Blessed by a Daisy
Blessed by a Daisy
She wasn't sure about getting a new dog, but someone up above knew she was ready.
Daisies are my favorite flower. Anything with daisies gets my attention–even the word on my computer screen. “Please help save Daisy the Dog!” my friend Judy had posted on Facebook. The message included a picture of a pit bull mix. She looks a lot like Allie, I thought.
Our beloved Staffordshire Terrier had died a year and a half before. I couldn’t imagine replacing her. But I also couldn’t stop myself from reading the post. The picture had come from a Facebook app called Pet Pardons, which helped people find homes for shelter animals scheduled to be put to sleep.
Daisy’s number was up on Monday. Today was the Friday before, and the shelter was located 200 miles away, clear across the state. There was a name and a phone number to call below the picture. Call right now , a voice inside me said.
Getting a dog was a big commitment. Certainly not one I could make without even talking about it with my husband, Shannon, and I wouldn’t be able to reach him at work. Call right now, the voice urged. I picked up the phone and left a message at the number in the post.
“I want to adopt Daisy,” I said, and hung up with my stomach tied in knots. Frankly, I wasn’t ready for another dog. I was still grieving for Allie. And what would Shannon say when he got home from work?
Despite all my doubts, something told me I’d done the right thing. It was as if Daisy was already mine and always had been. My heart was sure.
I was still at the computer when my son Daniel came into the room. I expected him to laugh when I told him what I’d done, maybe ask why I hadn’t consulted the family. Instead he looked at the picture and said, “Call again. You have to make sure your message got through.”
Before I could pick up the phone Shannon walked in. He was holding a pile of letters from the mailbox, and a package he laid on the counter.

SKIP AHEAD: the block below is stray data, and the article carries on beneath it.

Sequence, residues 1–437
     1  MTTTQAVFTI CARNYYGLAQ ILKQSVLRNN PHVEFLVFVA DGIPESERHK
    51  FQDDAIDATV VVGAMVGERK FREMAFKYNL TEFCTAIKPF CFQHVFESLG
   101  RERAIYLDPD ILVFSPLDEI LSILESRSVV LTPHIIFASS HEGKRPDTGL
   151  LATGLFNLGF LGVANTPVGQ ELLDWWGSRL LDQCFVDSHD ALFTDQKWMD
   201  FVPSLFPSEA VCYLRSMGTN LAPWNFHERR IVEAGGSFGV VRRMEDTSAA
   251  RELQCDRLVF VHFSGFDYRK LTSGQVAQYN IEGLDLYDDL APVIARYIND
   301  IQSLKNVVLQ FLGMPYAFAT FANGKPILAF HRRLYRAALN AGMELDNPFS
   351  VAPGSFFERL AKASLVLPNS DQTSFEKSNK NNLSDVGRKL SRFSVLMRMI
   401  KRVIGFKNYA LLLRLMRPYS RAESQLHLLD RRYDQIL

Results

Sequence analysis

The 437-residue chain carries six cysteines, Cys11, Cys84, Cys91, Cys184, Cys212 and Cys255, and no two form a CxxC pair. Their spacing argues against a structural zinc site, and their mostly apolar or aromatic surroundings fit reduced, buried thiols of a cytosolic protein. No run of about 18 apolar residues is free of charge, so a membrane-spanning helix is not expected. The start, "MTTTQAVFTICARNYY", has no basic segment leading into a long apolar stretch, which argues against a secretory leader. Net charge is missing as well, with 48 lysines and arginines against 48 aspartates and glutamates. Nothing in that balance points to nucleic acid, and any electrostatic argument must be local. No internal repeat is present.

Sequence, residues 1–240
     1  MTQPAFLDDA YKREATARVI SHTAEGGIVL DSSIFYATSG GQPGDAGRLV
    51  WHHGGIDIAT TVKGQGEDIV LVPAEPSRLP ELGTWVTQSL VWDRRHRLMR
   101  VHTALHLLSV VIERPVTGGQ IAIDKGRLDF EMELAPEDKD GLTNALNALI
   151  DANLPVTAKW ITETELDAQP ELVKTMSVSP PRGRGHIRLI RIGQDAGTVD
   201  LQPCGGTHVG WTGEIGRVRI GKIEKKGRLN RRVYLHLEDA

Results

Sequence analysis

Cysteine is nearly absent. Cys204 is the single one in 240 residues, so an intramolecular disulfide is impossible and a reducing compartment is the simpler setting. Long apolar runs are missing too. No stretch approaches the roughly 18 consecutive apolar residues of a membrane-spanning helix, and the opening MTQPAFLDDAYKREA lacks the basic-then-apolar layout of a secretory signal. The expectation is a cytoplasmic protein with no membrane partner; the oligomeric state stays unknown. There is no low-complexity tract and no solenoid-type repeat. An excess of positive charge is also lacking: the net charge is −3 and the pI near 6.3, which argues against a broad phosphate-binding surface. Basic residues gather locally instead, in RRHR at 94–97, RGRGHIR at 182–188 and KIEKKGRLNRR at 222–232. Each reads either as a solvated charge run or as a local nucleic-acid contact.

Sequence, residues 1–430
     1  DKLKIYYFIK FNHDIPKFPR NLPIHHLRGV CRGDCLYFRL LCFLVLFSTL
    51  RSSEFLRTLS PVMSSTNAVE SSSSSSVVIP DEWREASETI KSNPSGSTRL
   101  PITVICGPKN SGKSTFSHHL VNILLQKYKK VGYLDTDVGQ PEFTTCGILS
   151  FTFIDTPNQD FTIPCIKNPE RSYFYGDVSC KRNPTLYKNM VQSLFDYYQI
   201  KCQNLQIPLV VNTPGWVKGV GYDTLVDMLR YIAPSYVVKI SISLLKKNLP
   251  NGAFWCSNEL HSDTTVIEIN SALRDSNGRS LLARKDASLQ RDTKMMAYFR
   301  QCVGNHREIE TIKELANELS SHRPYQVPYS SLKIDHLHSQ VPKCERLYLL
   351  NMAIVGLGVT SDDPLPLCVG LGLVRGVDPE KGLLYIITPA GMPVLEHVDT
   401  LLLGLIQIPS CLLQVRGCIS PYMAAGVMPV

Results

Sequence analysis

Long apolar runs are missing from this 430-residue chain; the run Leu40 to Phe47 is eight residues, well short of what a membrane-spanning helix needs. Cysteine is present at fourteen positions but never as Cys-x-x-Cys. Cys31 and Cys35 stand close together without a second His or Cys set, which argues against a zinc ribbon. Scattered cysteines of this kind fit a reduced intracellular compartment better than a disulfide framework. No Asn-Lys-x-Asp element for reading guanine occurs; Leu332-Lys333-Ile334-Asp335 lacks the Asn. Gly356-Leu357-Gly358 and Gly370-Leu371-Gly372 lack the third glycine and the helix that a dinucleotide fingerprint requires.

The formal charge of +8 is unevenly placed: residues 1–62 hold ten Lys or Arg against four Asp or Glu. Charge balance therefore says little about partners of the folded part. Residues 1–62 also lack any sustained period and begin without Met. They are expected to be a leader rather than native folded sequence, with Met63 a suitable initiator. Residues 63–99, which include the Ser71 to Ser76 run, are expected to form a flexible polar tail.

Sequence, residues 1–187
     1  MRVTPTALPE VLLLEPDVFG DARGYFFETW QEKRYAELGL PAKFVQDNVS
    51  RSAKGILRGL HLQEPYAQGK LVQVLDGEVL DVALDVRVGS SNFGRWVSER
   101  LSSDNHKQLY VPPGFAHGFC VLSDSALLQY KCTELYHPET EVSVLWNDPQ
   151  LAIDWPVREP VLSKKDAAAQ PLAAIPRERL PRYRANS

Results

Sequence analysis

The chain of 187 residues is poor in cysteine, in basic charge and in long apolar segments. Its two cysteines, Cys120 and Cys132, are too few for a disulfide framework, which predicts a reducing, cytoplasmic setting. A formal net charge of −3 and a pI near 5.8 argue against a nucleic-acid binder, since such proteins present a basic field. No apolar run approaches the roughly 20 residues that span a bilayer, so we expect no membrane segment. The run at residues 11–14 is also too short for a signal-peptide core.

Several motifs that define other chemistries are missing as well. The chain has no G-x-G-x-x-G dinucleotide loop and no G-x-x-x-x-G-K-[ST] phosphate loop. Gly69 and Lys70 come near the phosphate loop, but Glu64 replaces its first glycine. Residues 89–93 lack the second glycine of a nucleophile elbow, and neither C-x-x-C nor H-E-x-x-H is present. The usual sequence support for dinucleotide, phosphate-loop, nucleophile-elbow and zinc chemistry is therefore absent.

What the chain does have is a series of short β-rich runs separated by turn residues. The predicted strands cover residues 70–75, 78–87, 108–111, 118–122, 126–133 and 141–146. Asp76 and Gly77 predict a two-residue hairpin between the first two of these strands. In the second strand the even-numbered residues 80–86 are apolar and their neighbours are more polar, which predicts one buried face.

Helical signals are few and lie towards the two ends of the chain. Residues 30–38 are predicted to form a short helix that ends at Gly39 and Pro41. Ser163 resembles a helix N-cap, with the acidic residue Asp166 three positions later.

“Honey,” I said, “I’ve got something to tell you.” I confessed what I’d done and showed him the picture on my screen.
Shannon just stared at it.
“I know you must be shocked that I’d call about adopting a dog without consulting you.... Her name’s Daisy,” I said by way of explanation. “Please, say something. I’m really sorry.”
“It’s the strangest thing,” he said finally, “but I feel like she’s supposed to be ours.”
Now we seemed to be shocking one another, all three of us having the same exact reaction. What was going on? Could we trust our impulsive inclinations? I jumped when the phone rang.
“Daisy is a sweet, friendly girl,” said the woman from Pet Pardons. I explained that this was a rash decision on our part.
“We don’t want any more disappointments for Daisy. Why don’t you pray on it tonight?” the woman said. “Give me a call when you know how you really feel.”
“Well, what do you think?” I asked Shannon and Daniel when I hung up.
“I think it’s weird to agree to adopt a dog we’ve never met,” Shannon said. “She could have all sorts of problems. We might not like her.”
“She might not like us,” Daniel pointed out.
I didn’t need to hear all the reasons not to adopt Daisy. I was already thinking them myself. So while the guys talked I distracted myself opening the brown package that had come in the mail. It was from a friend from out of town.
“We’ve never even really talked about getting another dog,” Shannon said. “How can we take a chance without even meeting her?”
He looked to me for an answer, but at that moment I couldn’t speak. I’d pulled out a little plaque from the box, along with a note. “I saw this today and thought of you,” my friend had written.
She uses her Christmas card list as an inspiration for reviving treasured friendships.